One man counseling anotherOver the course of my 20 years in professional ministry, I like to think I have offered some measure of comfort to people who have come to me seeking counsel in the midst of deep, personal crises.

But I know for an undeniable fact that my performance as a counselor has sometimes stunk up the joint, too.

I am thinking specifically of the time Troy came to see me.

As his story poured out, I tried to remember if I had met Troy (not his real name) before. But since I was one of a multitude of associate pastors at a megachurch in the Midwest, I really couldn’t place him beyond a passing familiarity.

On the surface – where most of us prefer to dwell most of the time – Troy fit in quite well with the general congregational profile: he was white… upper-middle class… well educated… successful… family oriented.

He was not the kind of guy you would expect to be sitting across from, watching as a cascading wave of life crises threatened to pound him into little pieces and wash him away.

For starters, Troy had been laid off from his job. It was a good, high-paying job with an engineering company where he had worked for 15 years. A change in ownership led to a change in senior staff and a thorough re-shuffling of personnel. Troy was one of the unfortunate casualties.

Shortly after receiving his walking papers, Troy’s wife decided to leave him. In reality, she decided to finally stop trying to hide the affair she had been having with another man for a couple of years now and move in with him.

She was, Troy told me through his tears, the love of his life.

Then, just this past week his youngest daughter came home from school in absolute agony, vowing never to return to that horrible place ever again. It seems she had been singled out by a group of mean girls at her junior high for an epic ration of bullying and ostracism.

And to top it all off (“What?? You’re kidding me! There’s MORE? Troy… my brother… I am not sure I can even keep track of, let alone respond pastorally and effectively, to everything that’s going down in your life right now. I’m about to hit overload on the CARE-O-METER!”), Troy had just received word back from his dermatologist that the mole on his back that they biopsied last week was – in fact – melanoma. Steps needed to be taken right away to begin treating it to prevent its spread.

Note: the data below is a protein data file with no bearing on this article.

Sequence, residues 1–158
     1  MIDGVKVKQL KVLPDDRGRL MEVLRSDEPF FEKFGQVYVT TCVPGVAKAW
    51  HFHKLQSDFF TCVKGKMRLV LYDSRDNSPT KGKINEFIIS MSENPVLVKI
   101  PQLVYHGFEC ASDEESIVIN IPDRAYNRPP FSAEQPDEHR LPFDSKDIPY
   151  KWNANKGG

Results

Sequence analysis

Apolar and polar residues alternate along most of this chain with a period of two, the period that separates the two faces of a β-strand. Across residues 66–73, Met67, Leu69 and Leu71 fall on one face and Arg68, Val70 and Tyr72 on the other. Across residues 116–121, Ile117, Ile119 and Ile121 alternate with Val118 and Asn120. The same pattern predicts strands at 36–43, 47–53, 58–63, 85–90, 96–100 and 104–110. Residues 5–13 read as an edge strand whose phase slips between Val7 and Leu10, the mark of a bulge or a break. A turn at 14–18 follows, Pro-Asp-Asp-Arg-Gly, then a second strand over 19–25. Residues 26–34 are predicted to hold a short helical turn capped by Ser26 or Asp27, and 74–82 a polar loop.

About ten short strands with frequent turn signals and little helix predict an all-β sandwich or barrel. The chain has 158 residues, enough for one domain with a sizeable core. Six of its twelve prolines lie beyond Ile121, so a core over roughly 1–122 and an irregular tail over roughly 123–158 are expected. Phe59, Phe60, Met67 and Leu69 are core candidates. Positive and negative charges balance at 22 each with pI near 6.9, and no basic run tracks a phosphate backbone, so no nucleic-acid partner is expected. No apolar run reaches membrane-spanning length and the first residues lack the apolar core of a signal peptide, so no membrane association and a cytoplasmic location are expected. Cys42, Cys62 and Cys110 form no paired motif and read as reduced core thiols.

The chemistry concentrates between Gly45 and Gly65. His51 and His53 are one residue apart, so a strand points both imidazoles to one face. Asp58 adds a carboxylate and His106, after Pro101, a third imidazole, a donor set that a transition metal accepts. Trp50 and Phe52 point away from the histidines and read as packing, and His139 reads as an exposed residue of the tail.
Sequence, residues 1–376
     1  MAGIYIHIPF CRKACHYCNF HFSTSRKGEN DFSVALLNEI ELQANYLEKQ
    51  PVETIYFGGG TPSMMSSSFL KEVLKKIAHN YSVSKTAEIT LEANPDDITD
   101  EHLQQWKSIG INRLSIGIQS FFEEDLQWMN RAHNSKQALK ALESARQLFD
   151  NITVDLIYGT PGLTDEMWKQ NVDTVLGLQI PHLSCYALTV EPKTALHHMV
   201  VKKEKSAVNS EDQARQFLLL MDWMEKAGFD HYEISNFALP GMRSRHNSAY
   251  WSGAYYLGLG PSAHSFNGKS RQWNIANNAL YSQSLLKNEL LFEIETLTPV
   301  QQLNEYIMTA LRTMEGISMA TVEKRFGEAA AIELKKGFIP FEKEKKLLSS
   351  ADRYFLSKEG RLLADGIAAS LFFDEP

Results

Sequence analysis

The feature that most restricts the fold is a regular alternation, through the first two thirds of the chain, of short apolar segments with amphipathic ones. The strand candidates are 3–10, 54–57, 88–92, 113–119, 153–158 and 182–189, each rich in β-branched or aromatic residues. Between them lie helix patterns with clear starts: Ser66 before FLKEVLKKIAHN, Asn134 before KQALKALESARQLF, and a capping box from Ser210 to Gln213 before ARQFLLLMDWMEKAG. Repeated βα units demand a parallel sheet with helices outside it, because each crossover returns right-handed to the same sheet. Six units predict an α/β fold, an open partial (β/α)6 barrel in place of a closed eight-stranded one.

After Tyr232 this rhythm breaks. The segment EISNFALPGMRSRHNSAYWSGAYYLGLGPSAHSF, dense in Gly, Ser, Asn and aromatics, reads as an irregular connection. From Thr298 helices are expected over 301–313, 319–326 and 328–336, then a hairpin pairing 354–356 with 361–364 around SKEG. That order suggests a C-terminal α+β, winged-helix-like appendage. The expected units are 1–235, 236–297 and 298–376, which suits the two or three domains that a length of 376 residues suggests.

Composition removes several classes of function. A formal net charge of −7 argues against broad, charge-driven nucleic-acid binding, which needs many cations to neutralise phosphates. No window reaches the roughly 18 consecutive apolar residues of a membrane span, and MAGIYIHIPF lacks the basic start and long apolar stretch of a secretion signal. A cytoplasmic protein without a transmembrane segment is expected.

Troy was still covered by his company’s health insurance under the COBRA law (thank God!), but this new twist was going to throw a serious wrench into his job-hunting campaign for a while.

As he concluded his litany of lament, Troy just lowered his head, shook it slowly back and forth and said, “Pastor, I just don’t know what to do or where to turn. I can’t sleep at night and I just feel like I am at the end of my rope. That’s why I came to see you.”

Most of the time, when counseling with a congregant, I begin the session with prayer. In the prayer I ask God to guide both of us by the Holy Spirit and to help us see possibilities that might not be apparent to either of us. Troy had walked through the door 20 minutes ago and immediately began spilling his guts… unaware of my pastoral prayer protocol.

We may not have begun the session with prayer, but man alive, I was sure praying now!

I was shell-shocked. I was numb. And quite honestly, I had no earthly idea how to respond to Troy. At that point I had not been at this pastoring thing too terribly long and had never heard this kind of outpouring of woe from any single person. This was like a week’s worth of crises all wrapped in one nasty ball. Fortunately, I fought back the urge to stop him and say, “Hold on, Troy… one issue per customer per visit, please.”

But life had not afforded Troy that kind of orderliness. It was all hitting him at once.

And so, as he looked up from his folded and shaking hands, it was clear Troy expected something from me. He was a smart enough guy not to expect that I would pull out a magic wand, wave it and say, “Shazzam! All better now!”

But still… something was needed. A thread. A glimmer of light. A narrow ledge his aching fingers might cling to.

As my calm-appearing gaze met his, the wheels of my brain were whirling feverishly. The cylinders tumbled, the locks clicked, the chute opened… but nothing came out.

“Help me, Jesus,” I desperately prayed, “Because honestly… I got nuttin’!”

 

… TO BE CONTINUED TOMORROW!